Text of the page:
Jeroen Reijn

on Tech, Open Source and software development

AWS Lambda Provisioned Concurrency AutoScaling configuration with AWS CDK

A couple of weeks ago I was working on some AWS CDK based code and I was trying to figure out how to configure auto-scaling for the provisioned concurrency configuration of an AWS Lambda function. We wanted to run some performance tests on our service and were wondering how scaling provisioned concurrency would impact our overall latency. We tried with the default configuration but also wanted to experiment with a bit more aggressive scaling policy so we had to provide our own metric configuration. In this post, I will explain what provisioned concurrency is and how to set up an auto-scaling configuration for it using AWS CDK. We’ll be looking at using predefined metric configurations, but also how to do it with a custom metric.

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Creating a simple API stub with API Gateway and S3

A while ago my team was looking to create a stub for an internal JSON HTTP based API. The to-be stubbed service was quite simple. The service exposed a REST API endpoint for listing resources of a specific type. The API supported paging and some specific request/query parameters.

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Deploying Spring Boot applications to AWS App Runner with AWS CodePipeline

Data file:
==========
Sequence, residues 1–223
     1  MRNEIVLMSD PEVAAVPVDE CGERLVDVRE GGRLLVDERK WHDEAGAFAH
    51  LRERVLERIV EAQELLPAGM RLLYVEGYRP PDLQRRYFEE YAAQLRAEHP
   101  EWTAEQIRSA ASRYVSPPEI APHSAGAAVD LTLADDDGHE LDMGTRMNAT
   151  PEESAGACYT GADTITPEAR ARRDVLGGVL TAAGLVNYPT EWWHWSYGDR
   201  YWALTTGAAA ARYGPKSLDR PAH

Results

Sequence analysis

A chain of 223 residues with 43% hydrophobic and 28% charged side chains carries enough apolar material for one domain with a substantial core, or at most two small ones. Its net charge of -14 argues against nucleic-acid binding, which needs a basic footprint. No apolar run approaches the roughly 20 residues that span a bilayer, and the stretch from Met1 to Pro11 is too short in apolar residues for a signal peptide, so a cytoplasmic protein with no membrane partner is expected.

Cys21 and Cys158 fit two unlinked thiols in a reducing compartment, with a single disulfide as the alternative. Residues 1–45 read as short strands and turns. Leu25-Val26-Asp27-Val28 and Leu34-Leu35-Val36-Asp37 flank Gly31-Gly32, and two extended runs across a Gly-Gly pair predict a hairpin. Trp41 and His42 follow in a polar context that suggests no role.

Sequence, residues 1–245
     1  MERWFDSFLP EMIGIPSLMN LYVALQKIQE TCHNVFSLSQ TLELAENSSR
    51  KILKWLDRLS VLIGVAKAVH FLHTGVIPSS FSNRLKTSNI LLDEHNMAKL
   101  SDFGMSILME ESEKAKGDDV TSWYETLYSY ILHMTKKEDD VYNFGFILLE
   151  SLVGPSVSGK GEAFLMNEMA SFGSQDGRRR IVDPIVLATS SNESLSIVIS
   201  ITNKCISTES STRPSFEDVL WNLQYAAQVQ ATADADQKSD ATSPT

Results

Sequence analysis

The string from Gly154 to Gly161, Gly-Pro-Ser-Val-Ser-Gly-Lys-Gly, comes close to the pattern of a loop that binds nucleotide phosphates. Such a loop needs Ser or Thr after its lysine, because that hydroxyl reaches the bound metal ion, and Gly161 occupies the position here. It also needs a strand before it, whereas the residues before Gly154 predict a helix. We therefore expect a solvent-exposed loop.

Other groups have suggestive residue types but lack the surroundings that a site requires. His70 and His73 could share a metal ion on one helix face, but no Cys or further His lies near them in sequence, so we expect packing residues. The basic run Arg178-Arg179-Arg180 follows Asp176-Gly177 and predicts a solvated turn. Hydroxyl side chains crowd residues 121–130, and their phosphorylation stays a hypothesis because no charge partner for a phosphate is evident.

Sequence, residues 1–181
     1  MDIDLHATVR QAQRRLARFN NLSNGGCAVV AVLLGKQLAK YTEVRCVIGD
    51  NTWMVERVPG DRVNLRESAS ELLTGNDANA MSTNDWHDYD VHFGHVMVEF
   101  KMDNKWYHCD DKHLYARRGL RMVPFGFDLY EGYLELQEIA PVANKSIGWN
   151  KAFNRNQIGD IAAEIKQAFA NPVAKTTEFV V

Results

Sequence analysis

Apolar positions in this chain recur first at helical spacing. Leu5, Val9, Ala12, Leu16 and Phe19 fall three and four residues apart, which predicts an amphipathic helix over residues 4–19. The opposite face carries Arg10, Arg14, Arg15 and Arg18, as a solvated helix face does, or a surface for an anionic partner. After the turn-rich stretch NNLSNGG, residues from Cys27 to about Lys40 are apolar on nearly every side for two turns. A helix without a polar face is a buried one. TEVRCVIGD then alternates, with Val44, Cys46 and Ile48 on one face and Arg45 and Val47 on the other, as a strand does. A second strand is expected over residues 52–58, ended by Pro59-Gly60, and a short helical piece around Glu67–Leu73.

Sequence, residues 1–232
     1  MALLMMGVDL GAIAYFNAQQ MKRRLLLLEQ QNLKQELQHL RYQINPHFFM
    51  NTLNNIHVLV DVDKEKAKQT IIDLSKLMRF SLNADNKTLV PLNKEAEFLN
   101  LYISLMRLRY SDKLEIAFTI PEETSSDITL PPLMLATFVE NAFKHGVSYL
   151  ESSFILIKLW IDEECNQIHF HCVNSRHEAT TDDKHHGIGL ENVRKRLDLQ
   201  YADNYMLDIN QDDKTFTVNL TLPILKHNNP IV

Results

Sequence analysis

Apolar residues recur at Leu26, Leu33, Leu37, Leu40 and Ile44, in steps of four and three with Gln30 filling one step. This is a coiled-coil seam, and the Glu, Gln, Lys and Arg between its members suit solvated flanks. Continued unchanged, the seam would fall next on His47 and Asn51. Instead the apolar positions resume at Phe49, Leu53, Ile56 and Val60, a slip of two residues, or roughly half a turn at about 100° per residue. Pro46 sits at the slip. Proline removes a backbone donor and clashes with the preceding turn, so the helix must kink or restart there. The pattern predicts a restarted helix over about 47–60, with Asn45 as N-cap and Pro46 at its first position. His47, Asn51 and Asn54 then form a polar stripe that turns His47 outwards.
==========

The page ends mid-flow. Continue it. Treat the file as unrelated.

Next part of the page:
In a previous post, we looked at AWS App Runner. AWS App Runner is a container service that lets you focus on your application and allows you to deploy your application in minutes without setting up any infrastructure.

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A first impression of AWS App Runner

About three months ago AWS released a new service named AWS App Runner. After reading the introduction blog post, I got pretty excited to check it out. AWS App Runner is a new service that provides organizations with a fast, simple, and secure way to deploy containerized applications on the AWS platform without managing any infrastructure. AWS already offers a wide range of container based services like AWS Fargate, ECS, Elastic BeanStalk, and AWS EKS, so why did they come up with App Runner?

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Useful tools for local development with AWS services

Over the last 2.5 years, I’ve been working with AWS and a wide range of its services. During this time I noticed that for most projects it’s useful to be able to test your application against AWS services without having to deploy or move your code into the cloud. There are several free solutions available for you to use depending on the services required by your project. In this post, I’ll describe some of the tools that I use. DynamoDB local At one of my previous projects, we made extensive use of the combination of DynamoDB and Elasticsearch for storing and querying data. The fact that DynamoDB is a managed database service with immense scale and performance benefits, makes DynamoDB a great fit for high traffic applications.

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